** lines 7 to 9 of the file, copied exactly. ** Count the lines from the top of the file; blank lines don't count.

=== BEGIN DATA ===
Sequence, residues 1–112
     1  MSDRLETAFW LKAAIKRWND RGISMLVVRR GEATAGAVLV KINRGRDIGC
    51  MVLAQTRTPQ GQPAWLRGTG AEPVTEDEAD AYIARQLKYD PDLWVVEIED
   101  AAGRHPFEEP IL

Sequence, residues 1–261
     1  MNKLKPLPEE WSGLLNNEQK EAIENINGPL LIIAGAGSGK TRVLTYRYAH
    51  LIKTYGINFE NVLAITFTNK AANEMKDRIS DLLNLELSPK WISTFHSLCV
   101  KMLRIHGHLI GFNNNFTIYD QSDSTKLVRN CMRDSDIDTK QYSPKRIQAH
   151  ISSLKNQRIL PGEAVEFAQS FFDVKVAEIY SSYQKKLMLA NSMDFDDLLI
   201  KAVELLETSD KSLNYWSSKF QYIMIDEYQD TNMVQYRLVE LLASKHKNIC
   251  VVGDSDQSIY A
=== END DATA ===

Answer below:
    51  LIKTYGINFE NVLAITFTNK AANEMKDRIS DLLNLELSPK WISTFHSLCV
   101  KMLRIHGHLI GFNNNFTIYD QSDSTKLVRN CMRDSDIDTK QYSPKRIQAH
   151  ISSLKNQRIL PGEAVEFAQS FFDVKVAEIY SSYQKKLMLA NSMDFDDLLI